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Int J Radiat Oncol Biol Phys. 2017 Apr 1;97(5):976-985. doi: 10.1016/j.ijrobp.2016.12.024. Epub 2016 Dec 23.

Continued Benefit to Rectal Separation for Prostate Radiation Therapy: Final Results of a Phase III Trial.

Author information

1
Texas Oncology, Texas Center for Proton Therapy, Irving, Texas. Electronic address: Daniel.Hamstra@gmail.com.
2
Associated Medical Professionals of NY, PLLC, Syracuse, New York.
3
21st Century Oncology, Inc, Lakewood Ranch, East Bradenton, Florida.
4
Western New York Urology Associates, LLC, Doing Business as Cancer Care of WNY, Cheektowaga, New York.
5
The Urology Center of Colorado, Denver, Colorado.
6
Chesapeake Urology Associates, Doing Business as Chesapeake Urology Research Associates (The Prostate Center), Owings Mills, Maryland.
7
Arizona Oncology Services Foundation, Phoenix, Arizona.
8
Urological Surgeons of Northern California Inc, Campbell, California.
9
The Research Foundation of State University of New York/State University of New York Upstate Medical University, Syracuse, New York.
10
Peninsula Cancer Center, Poulsbo, Washington.
11
Urology Nevada, Reno, Nevada.
12
University Hospitals Case Medical Center, Cleveland, Ohio.
13
Sutter Health Sacramento Sierra Region, Doing Business as Sutter Institute for Medical Research, Sacramento, California.
14
Advanced Radiation Centers of New York, Lake Success, New York.
15
Oregon Urology Institute, Springfield, Oregon.
16
University of Rochester, Rochester, New York.
17
CentraState Medical Center, Freehold, New Jersey.
18
Carolina Regional Cancer Center, LLC, 21st Century Oncology, Inc, Myrtle Beach, South Carolina.
19
21st Century Oncology, Inc, Fort Meyers, Florida.
20
Emory University, Atlanta, Georgia.
21
The Johns Hopkins University, Baltimore, Maryland.
22
Department of Biostatistics, University of Michigan, Ann Arbor, Michigan.
23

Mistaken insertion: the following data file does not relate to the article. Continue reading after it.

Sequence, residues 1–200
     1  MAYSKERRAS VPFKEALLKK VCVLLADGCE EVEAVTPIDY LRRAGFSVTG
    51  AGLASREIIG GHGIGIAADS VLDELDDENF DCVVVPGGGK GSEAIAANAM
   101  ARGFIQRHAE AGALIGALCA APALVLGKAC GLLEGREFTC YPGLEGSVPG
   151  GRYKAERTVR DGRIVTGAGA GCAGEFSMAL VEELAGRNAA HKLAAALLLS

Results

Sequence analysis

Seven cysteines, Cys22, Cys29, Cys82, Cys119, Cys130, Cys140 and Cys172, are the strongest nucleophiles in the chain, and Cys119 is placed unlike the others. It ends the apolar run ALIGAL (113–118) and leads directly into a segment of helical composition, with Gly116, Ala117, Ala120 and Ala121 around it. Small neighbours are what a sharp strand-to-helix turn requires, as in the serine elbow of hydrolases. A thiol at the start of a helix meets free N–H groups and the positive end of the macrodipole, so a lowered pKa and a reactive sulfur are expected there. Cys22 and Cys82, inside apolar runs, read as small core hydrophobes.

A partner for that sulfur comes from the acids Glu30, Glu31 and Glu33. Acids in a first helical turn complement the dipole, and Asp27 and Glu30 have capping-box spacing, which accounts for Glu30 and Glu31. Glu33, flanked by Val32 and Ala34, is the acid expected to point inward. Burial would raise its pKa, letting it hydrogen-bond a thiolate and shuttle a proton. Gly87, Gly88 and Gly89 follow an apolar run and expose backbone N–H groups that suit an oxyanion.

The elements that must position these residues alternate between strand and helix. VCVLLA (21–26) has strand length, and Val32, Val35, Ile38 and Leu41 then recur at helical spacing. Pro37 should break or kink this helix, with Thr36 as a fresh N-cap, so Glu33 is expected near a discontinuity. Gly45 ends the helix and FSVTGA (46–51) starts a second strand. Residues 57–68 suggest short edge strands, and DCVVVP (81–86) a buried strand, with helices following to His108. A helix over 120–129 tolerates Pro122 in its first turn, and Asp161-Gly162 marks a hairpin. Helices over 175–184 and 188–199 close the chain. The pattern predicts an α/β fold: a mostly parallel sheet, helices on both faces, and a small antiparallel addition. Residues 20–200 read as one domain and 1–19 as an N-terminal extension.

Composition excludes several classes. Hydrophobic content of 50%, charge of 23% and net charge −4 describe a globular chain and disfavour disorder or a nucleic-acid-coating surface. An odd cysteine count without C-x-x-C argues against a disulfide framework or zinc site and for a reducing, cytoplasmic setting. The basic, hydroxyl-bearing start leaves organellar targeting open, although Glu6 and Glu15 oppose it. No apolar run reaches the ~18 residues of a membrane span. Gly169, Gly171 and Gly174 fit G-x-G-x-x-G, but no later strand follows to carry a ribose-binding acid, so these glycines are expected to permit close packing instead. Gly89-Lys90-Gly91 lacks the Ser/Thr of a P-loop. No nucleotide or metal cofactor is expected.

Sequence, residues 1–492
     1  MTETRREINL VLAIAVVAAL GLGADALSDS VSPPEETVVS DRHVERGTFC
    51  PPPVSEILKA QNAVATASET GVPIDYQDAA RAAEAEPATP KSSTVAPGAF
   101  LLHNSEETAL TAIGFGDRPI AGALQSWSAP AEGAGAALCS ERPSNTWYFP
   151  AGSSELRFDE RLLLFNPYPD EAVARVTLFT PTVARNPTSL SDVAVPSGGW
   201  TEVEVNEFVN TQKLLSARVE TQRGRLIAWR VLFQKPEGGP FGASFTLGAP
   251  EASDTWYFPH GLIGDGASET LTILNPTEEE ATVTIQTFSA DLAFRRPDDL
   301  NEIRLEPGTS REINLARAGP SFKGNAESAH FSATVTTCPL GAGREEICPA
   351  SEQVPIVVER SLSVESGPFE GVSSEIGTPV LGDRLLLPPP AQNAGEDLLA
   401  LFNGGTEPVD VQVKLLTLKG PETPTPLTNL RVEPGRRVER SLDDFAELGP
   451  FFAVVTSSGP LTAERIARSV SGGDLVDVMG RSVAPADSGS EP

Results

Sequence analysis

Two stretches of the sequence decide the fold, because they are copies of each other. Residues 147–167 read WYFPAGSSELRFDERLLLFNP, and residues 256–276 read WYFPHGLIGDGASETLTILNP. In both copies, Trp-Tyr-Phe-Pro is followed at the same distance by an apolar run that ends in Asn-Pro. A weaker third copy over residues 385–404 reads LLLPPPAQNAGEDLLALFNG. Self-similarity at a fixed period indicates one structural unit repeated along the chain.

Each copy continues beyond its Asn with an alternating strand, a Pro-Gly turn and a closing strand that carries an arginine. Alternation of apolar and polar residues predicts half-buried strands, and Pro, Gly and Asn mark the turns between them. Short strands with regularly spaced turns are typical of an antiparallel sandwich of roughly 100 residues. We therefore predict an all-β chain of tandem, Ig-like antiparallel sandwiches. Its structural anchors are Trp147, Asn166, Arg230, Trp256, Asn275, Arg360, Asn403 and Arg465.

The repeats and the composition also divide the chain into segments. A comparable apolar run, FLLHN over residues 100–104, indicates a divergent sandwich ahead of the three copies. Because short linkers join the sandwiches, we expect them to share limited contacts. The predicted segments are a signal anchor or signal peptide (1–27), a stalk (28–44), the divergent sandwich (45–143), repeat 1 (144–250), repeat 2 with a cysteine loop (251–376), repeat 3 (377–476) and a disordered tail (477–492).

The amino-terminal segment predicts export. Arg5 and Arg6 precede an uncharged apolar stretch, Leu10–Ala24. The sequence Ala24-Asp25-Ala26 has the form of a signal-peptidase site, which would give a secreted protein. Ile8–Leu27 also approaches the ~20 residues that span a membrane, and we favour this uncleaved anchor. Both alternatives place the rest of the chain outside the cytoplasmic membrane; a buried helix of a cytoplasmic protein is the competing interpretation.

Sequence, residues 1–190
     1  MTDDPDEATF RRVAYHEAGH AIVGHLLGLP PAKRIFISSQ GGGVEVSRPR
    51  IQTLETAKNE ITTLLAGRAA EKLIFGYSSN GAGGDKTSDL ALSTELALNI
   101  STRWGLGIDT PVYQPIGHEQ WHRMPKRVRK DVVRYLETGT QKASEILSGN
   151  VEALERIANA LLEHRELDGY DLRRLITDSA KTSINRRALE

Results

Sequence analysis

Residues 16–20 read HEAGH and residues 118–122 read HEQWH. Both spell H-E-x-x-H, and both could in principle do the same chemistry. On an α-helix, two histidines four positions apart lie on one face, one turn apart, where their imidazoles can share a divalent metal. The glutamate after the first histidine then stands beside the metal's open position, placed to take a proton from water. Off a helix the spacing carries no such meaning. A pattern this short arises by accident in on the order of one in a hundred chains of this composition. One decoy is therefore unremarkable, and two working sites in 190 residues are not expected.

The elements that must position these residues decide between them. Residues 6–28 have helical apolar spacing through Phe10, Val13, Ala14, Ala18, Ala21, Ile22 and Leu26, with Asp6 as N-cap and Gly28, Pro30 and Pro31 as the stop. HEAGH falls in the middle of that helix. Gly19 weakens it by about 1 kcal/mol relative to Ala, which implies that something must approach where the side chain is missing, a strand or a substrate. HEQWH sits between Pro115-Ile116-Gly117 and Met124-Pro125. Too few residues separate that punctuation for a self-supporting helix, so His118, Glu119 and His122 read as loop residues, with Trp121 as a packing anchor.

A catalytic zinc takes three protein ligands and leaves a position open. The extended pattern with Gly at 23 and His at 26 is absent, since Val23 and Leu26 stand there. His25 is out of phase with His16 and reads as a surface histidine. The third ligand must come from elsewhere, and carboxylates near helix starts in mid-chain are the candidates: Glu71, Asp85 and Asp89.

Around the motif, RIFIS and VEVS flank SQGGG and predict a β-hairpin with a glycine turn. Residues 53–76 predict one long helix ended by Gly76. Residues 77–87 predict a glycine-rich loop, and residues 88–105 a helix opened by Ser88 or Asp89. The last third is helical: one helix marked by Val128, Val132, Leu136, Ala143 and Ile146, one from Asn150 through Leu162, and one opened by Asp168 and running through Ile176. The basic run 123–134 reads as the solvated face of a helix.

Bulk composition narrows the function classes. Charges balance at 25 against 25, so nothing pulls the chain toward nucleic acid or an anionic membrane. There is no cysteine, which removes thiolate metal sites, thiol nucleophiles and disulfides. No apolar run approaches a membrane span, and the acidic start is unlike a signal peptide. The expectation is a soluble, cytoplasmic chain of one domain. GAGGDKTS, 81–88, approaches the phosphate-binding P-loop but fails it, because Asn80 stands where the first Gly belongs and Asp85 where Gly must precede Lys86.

Washington University School of Medicine, St Louis, Missouri.

Abstract

PURPOSE:

SpaceOAR, a Food and Drug Administration-approved hydrogel intended to create a rectal-prostate space, was evaluated in a single-blind phase III trial of image guided intensity modulated radiation therapy. A total of 222 men were randomized 2:1 to the spacer or control group and received 79.2 Gy in 1.8-Gy fractions to the prostate with or without the seminal vesicles. The present study reports the final results with a median follow-up period of 3 years.

METHODS AND MATERIALS:

Cumulative (Common Terminology Criteria for Adverse Events, version 4.0) toxicity was evaluated using the log-rank test. Quality of life (QOL) was examined using the Expanded Prostate Cancer Index Composite (EPIC), and the mean changes from baseline in the EPIC domains were tested using repeated measures models. The proportions of men with minimally important differences (MIDs) in each domain were tested using repeated measures logistic models with prespecified thresholds.

RESULTS:

The 3-year incidence of grade ≥1 (9.2% vs 2.0%; P=.028) and grade ≥2 (5.7% vs 0%; P=.012) rectal toxicity favored the spacer arm. Grade ≥1 urinary incontinence was also lower in the spacer arm (15% vs 4%; P=.046), with no difference in grade ≥2 urinary toxicity (7% vs 7%; P=0.7). From 6 months onward, bowel QOL consistently favored the spacer group (P=.002), with the difference at 3 years (5.8 points; P<.05) meeting the threshold for a MID. The control group had a 3.9-point greater decline in urinary QOL compared with the spacer group at 3 years (P<.05), but the difference did not meet the MID threshold. At 3 years, more men in the control group than in the spacer group had experienced a MID decline in bowel QOL (41% vs 14%; P=.002) and urinary QOL (30% vs 17%; P=.04). Furthermore, the control group were also more likely to have experienced large declines (twice the MID) in bowel QOL (21% vs 5%; P=.02) and urinary QOL (23% vs 8%; P=.02).

CONCLUSIONS:

The benefit of a hydrogel spacer in reducing the rectal dose, toxicity, and QOL declines after image guided intensity modulated radiation therapy for prostate cancer was maintained or increased with a longer follow-up period, providing stronger evidence for the benefit of hydrogel spacer use in prostate radiation therapy.

PMID:
28209443
DOI:
10.1016/j.ijrobp.2016.12.024
[Indexed for MEDLINE]
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